New program connects youth to Toronto's film industry

Initiative gives under-represented communities access to training, skills

Reposted from, see here for the original article. 

A new production assistant training program has been created to give under-represented communities experience in the local screen industry.

Launched Oct. 20 at AstroLab Studios on Eastern Avenue, the five-week initiative will give participants technical training and a chance to develop a range of workplace skills. The initial cohort of the program will support Black young adults aged 18 to 29.

According to an Oct. 18 release, those taking part in the program, which will include site visits, placement and job opportunities, will also be introduced to a “relevant network of industry professionals and learn about the career and training pathways open to production assistants in film, television, digital media and commercial production.”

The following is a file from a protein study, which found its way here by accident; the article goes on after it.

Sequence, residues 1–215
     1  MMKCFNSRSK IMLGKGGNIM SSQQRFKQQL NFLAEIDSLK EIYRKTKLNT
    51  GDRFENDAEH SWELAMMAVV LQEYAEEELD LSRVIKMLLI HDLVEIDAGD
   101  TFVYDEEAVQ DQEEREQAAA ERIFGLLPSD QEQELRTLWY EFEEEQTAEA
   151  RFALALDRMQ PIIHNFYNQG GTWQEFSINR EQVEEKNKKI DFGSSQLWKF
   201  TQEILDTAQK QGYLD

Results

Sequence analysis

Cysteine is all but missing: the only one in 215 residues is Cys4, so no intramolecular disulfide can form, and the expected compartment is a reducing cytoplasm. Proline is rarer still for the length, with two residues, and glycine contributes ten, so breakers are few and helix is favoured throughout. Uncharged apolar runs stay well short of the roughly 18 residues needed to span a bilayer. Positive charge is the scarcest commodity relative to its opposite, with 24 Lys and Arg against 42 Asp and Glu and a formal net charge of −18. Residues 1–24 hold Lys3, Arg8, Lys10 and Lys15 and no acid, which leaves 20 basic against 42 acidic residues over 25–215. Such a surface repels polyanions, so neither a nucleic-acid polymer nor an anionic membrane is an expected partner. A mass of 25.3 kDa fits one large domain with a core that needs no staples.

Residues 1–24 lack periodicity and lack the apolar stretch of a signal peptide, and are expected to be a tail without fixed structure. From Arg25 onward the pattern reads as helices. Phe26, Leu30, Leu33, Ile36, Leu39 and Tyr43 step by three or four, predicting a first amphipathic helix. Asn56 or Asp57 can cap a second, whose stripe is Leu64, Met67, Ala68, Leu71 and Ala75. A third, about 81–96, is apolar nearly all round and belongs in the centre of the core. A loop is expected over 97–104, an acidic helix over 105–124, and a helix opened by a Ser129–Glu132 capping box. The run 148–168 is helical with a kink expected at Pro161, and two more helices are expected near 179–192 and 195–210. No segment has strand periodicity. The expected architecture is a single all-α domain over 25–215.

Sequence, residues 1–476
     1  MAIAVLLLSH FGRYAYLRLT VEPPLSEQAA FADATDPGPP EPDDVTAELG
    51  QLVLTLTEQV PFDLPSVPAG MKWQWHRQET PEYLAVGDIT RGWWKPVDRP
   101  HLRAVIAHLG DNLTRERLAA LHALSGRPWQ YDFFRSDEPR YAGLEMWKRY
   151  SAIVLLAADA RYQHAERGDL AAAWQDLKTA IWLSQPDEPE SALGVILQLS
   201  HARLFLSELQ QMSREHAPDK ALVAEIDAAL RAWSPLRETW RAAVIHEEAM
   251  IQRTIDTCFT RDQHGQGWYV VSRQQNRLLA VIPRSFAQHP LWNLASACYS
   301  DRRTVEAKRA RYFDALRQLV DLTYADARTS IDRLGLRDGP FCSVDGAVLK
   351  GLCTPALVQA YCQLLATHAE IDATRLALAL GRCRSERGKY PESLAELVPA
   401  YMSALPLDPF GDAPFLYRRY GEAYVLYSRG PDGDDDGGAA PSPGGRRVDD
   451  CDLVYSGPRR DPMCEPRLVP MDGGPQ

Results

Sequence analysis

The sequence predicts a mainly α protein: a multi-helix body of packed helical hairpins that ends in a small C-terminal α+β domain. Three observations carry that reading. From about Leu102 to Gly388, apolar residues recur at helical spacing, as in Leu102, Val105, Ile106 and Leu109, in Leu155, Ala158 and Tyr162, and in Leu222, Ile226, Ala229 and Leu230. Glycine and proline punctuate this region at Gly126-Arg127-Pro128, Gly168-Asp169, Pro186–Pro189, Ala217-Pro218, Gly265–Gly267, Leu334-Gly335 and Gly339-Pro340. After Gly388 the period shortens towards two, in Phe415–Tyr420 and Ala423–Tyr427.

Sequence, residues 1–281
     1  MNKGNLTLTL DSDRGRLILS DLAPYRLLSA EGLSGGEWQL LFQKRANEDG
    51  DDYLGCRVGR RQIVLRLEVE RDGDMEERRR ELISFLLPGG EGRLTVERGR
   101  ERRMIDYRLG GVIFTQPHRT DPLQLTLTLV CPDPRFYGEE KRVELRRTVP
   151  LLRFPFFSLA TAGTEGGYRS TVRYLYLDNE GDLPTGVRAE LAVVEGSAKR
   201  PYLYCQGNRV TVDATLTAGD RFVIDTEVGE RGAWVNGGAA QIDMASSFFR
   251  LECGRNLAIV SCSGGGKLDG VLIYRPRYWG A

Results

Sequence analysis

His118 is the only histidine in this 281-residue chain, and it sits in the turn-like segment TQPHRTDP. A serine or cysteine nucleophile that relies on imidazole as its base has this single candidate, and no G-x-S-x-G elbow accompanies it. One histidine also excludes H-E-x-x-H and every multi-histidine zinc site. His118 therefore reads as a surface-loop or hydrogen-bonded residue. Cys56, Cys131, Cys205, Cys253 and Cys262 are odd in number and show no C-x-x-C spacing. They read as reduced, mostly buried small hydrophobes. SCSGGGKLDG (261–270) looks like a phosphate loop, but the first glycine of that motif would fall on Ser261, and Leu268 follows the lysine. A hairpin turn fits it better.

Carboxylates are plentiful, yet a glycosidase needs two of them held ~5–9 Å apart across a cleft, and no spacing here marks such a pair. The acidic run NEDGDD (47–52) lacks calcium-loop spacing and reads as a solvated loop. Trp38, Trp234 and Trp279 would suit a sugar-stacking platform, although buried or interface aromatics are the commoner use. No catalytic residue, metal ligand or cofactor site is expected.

Created and run by POV 3rd street, an organization that helps marginalized youth break into the media industry through training, mentorship, job placement and professional development opportunities, the new Production Assistant Training Program is part of the city’s xoTO Screen Industry Pathway initiatives, which aims to make the Toronto screen industry more inclusive and representative of the city’s racial and ethnic diversity.

Funding is provided by the city of Toronto’s Poverty Reduction Strategy in partnership with the United Way of Greater Toronto, POV 3rd Street and CEE Centre for Young Black Professionals, which is leading the recruitment of participants among other things.

Members of the screen industry along with the Directors Guild of Canada—Ontario created the curriculum. The Guild is also lending its support to participants by counting and recognizing their time as required experience needed to enter its apprenticeship program. They’re also reducing the entry fees to that program by 75 per cent.

Further, the city as well as the United Way of Greater Toronto and POV 3rd Street will be leading studies to identify barriers diverse and under-represented communities face to enter the screen production industry.

Reposted from, see here for the original article. 

Help Us Take-Off: Share The Word!